image Diagnostic Approach to Oliguria

Transient oliguria may not be an independent risk factor for morbidity and mortality in critically ill or injured patients, but sustained oliguria (>6 hrs) often indicates AKI and has been shown to be independently associated with hospital mortality. Oliguria can lead to fluid overload and tissue edema, which can cause a variety of adverse outcomes in critically ill patients. Merely reversing oliguria, particularly by the administration of diuretic agents, may confer some physiologic and clinical benefits. However, treating oliguria does not improve important clinical outcomes such as the need for renal replacement therapy, survival, or renal recovery. Thus, rapidly determining the cause of oliguria and correcting the underlying cause(s) is necessary to halt the progression kidney injury.

Rule out Urinary Obstruction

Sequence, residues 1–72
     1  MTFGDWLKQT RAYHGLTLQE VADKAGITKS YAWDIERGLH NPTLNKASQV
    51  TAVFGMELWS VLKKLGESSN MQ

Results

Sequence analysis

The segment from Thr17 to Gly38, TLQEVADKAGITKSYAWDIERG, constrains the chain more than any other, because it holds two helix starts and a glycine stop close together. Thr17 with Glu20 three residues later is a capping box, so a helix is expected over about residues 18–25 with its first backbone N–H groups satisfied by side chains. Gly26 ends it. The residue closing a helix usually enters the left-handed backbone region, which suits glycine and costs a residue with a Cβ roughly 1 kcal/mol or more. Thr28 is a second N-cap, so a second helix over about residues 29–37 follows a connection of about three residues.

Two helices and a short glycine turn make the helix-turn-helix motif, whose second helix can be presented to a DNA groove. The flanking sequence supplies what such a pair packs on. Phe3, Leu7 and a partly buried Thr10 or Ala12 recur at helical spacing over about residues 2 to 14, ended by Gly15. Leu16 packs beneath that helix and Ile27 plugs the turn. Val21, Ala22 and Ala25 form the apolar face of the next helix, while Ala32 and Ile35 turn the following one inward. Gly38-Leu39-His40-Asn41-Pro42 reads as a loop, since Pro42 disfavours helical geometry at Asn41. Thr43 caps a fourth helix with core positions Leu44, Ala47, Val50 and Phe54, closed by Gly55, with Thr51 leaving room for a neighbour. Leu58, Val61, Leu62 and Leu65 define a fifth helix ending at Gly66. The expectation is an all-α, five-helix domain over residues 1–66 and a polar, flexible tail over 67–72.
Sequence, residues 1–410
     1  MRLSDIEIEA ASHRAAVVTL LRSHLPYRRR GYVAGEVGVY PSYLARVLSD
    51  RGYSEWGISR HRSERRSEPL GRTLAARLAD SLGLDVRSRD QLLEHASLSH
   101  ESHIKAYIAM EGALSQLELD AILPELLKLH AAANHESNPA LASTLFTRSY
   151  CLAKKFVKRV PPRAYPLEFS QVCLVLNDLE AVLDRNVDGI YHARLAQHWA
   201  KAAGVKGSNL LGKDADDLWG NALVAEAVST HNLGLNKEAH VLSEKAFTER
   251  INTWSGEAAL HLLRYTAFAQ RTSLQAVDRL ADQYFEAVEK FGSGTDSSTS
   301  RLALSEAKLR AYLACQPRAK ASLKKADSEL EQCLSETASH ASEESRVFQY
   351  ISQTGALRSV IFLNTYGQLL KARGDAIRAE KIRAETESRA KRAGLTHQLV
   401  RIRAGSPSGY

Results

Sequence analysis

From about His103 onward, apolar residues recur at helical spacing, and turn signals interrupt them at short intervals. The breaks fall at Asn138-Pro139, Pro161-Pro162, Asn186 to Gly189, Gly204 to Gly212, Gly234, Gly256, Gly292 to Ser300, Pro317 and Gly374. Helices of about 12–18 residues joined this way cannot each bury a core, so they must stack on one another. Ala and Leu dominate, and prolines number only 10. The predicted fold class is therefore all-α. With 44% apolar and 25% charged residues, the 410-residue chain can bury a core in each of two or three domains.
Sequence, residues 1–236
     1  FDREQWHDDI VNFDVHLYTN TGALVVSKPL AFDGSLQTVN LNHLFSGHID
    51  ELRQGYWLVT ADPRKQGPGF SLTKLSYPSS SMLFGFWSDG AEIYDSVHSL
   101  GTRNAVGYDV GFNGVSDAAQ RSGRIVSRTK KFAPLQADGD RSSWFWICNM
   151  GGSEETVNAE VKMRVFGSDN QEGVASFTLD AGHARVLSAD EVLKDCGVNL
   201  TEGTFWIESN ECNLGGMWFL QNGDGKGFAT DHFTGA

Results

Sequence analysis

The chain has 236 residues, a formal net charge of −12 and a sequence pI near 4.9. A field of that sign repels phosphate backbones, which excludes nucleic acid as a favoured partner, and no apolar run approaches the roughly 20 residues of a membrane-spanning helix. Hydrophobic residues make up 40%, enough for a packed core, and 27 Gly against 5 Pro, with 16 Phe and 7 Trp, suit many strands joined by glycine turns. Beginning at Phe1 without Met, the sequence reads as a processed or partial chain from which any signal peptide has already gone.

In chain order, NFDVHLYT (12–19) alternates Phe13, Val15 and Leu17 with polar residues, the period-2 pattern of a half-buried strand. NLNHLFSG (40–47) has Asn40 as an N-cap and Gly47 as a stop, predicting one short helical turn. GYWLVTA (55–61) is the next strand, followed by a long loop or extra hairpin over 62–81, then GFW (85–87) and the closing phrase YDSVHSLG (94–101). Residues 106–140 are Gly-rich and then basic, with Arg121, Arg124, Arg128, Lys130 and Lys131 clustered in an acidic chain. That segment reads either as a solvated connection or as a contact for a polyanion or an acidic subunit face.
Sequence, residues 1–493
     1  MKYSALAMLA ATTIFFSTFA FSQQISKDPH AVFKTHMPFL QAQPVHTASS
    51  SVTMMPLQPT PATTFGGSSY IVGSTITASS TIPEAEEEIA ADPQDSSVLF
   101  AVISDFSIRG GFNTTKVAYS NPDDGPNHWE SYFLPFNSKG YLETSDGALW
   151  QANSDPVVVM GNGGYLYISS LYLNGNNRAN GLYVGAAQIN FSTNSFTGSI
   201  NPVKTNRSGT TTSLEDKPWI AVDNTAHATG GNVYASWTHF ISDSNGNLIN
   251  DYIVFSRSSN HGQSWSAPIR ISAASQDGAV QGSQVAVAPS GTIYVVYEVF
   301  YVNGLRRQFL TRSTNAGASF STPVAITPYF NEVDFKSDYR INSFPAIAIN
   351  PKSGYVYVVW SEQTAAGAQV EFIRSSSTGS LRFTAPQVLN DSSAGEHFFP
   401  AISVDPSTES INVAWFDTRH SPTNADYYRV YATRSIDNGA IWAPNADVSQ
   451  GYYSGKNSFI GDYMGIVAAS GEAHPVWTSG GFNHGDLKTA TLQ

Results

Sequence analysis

The first step in diagnosis is to rule out urinary obstruction. A prior history of prostatic hypertrophy may provide some clues to the presence of distal obstruction. However, in the ICU setting, distal obstruction presenting as oliguria is commonly due to obstruction of the urinary catheter (especially in male patients). Hence, in patients with new-onset oliguria, the urinary catheter must be flushed or changed in order to rule out obstruction. Although uncommon in the acute setting, complete or severe partial bilateral ureteral obstruction may also lead to acute, “acute on chronic,” or chronic renal failure. Early diagnosis of urinary tract obstruction (UTO) is important, since many cases can be corrected, and a delay in therapy can lead to irreversible renal injury. Renal ultrasonography is usually the test of choice to exclude UTO.4 It is noninvasive, can be performed by the bedside, and also carries the advantage of avoiding the potential allergic and toxic complications of radiocontrast media. In the majority of affected patients, ultrasonography can establish the diagnosis of hydronephrosis and often establish its cause. Ultrasonography also can be useful for detecting other causes of renal disease such as polycystic kidney disease. However, under some circumstances, renal ultrasound may not yield good results. For example, in early obstruction or obstruction associated with severe dehydration, hydronephrosis may not be seen on the initial ultrasound examination but may appear later in the course of the disease. Computed tomography (CT) scanning should be performed if the ultrasound results are equivocal or if the kidneys are not well visualized. CT also is indicated if the cause of the obstruction cannot be identified by ultrasonography.